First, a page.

The Coral Triangle is widely considered the most important centre of marine biodiversity in Asia while areas on its periphery such as the South China Sea, have received much less interest. Here, we demonstrate that a small population of the knobbly sea star Protoreaster nodosus in Singapore has similarly high levels of genetic diversity as comparable Indonesian populations from the Coral Triangle. The high genetic diversity of this population is remarkable because it is maintained despite decades of continued anthropogenic disturbance. We postulate that it is probably due to broadcast spawning which is likely to maintain high levels of population connectivity. To test this, we analysed 6140 genome-wide single nucleotide polymorphism (SNP) loci for Singapore's populations and demonstrate a pattern of near panmixia. We here document a second case of high genetic diversity and low genetic structure for a broadcast spawner in Singapore, which suggests that such species have high resilience against anthropogenic disturbances. The study demonstrates the feasibility and power of using genome-wide SNPs for connectivity studies of marine invertebrates without a sequenced genome.
The Coral Triangle is widely acknowledged as the origin and centre of high marine biodiversity [1,2], and has therefore attracted much attention and research. Recently, there has been much debate as to the evolutionary origin of its high biodiversity (reviewed in [1,3]) and biologists are now starting to appreciate the important contributions from peripheral areas. For instance, Bowen et al.  suggested a biodiversity feedback model in which peripheral populations are important in supporting the processes that maintain high diversity within the Coral Triangle. The South China Sea, which is on the western boundary of the Coral Triangle, is part of the biodiversity-rich periphery  that contributes to the area (e.g. ), but has received much less attention than the Coral Triangle. Fortunately, the many studies on fauna in the Coral Triangle (e.g. [6–9]) provide excellent background information for comparing patterns of diversity with its peripheral areas such as the South China Sea. A good example is the widespread knobbly sea star, Protoreaster nodosus, which was the subject of a previous phylogeographic study that documented a continuous genetic landscape across approximately 2000 km of the archipelagic Indonesian extent of the Coral Triangle from Karimunjawa to Raja Ampat .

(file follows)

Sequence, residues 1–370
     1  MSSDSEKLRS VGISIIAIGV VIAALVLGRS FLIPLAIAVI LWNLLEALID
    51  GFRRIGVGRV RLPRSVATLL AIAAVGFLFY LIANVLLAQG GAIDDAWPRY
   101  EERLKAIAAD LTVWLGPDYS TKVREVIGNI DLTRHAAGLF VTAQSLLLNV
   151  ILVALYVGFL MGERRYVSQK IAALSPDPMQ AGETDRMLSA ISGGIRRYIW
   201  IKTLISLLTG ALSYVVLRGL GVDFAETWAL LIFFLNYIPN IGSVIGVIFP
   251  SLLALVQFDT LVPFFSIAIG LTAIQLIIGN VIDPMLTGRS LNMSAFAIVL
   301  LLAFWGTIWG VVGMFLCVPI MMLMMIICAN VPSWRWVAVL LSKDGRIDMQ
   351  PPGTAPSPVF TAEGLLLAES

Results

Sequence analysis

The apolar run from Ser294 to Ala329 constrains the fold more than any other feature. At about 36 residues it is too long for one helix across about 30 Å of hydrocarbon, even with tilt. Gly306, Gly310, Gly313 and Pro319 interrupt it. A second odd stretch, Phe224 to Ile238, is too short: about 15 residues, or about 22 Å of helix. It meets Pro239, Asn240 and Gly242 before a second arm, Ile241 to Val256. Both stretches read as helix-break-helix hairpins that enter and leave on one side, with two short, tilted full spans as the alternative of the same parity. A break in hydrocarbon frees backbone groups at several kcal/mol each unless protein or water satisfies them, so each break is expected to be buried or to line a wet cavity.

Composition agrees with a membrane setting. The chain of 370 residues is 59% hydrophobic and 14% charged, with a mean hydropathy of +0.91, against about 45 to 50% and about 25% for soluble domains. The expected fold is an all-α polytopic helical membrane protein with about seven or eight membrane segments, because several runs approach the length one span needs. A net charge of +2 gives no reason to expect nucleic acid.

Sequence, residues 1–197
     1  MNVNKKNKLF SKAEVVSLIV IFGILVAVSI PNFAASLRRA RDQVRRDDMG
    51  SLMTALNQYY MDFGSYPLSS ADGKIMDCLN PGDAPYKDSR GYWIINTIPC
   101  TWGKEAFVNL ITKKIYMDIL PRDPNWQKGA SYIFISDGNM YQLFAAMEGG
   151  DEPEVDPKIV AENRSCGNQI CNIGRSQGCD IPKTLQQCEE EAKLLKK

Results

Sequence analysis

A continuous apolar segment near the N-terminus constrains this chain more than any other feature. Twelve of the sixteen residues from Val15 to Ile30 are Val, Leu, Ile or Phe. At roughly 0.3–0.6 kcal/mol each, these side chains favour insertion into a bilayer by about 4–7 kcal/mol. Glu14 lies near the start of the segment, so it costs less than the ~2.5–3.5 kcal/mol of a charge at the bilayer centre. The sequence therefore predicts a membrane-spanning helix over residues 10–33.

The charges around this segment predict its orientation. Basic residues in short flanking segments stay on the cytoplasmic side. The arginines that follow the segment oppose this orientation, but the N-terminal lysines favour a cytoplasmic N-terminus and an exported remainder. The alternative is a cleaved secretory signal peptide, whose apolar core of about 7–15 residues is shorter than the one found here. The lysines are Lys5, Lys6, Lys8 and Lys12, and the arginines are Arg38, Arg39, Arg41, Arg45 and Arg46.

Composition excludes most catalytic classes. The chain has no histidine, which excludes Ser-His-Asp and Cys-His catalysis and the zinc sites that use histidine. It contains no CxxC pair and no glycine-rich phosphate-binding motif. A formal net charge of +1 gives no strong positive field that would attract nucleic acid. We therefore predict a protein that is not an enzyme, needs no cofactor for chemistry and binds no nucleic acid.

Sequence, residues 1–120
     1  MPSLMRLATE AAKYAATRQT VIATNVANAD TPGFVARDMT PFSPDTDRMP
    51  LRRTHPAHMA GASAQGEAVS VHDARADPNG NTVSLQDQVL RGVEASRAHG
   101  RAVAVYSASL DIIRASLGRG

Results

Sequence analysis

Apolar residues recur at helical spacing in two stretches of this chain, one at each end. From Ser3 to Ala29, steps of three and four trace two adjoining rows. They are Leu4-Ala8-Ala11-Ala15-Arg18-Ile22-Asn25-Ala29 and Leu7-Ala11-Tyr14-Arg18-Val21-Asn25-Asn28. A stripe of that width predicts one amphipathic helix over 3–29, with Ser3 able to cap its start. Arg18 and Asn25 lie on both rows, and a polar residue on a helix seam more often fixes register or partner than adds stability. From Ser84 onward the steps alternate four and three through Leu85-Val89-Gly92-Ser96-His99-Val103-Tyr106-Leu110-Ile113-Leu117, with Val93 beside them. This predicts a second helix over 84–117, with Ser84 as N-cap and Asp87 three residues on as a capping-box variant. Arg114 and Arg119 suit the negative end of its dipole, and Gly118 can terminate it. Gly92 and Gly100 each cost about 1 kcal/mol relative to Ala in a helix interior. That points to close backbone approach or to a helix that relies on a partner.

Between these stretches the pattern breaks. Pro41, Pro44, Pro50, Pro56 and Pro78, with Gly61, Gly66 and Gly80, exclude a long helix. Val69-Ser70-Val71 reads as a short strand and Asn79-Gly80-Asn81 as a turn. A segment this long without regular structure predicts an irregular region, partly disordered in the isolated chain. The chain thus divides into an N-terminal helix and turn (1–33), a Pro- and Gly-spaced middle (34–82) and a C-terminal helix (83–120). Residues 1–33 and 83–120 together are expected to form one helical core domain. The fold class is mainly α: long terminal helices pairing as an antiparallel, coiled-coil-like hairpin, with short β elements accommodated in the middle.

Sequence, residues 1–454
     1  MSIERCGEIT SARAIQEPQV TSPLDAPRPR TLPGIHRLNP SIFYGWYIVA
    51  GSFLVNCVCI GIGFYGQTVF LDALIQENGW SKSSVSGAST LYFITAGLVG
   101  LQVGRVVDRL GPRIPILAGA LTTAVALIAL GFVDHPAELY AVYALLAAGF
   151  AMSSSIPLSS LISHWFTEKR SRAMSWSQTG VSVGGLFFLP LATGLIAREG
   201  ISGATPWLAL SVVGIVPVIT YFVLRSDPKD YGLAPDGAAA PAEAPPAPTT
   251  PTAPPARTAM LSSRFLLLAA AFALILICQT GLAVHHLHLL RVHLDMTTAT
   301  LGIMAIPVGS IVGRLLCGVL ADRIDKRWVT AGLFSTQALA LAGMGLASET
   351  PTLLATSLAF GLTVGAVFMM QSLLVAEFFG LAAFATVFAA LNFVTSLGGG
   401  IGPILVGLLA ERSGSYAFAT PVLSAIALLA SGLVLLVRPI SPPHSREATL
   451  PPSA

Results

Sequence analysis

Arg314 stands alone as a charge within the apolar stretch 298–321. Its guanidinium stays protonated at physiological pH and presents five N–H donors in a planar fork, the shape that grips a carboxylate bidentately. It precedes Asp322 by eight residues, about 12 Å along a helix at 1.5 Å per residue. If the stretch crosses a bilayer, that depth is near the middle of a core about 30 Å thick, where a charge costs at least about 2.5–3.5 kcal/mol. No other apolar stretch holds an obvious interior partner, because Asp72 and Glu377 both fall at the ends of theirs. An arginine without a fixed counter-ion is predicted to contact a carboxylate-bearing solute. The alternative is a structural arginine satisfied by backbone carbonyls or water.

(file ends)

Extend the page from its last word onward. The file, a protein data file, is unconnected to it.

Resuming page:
Although not considered endangered at a global scale, knobbly sea stars are listed as endangered in Singapore waters due to their restricted distribution  within a few seagrass and shallow sandy intertidal habitats . Rapid economic development over the past few decades has led to significant fragmentation of Singapore's coastal and marine habitats, mainly due to conversion of coastal habitats and land reclamation . Here, we compare the population genetic diversity of the highly impacted knobbly sea star populations in Singapore at the southern end of the South China Sea, with the less impacted populations within the Coral Triangle in an effort to assess the status of Singapore's populations while allowing for the identification of anthropogenic signatures. Reduced genetic diversity and higher rates of linkage disequilibrium, for example, can indicate a recent population bottleneck, and diversifying selection can suggest local adaptive forces .